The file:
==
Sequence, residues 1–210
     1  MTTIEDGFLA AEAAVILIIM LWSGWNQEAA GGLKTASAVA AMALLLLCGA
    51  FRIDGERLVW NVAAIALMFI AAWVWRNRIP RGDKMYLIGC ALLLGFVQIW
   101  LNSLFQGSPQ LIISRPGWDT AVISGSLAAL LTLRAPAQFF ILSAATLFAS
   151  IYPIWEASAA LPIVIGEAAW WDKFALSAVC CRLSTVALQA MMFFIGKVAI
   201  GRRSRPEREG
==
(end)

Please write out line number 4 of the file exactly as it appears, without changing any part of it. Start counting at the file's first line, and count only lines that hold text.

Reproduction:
   101  LNSLFQGSPQ LIISRPGWDT AVISGSLAAL LTLRAPAQFF ILSAATLFAS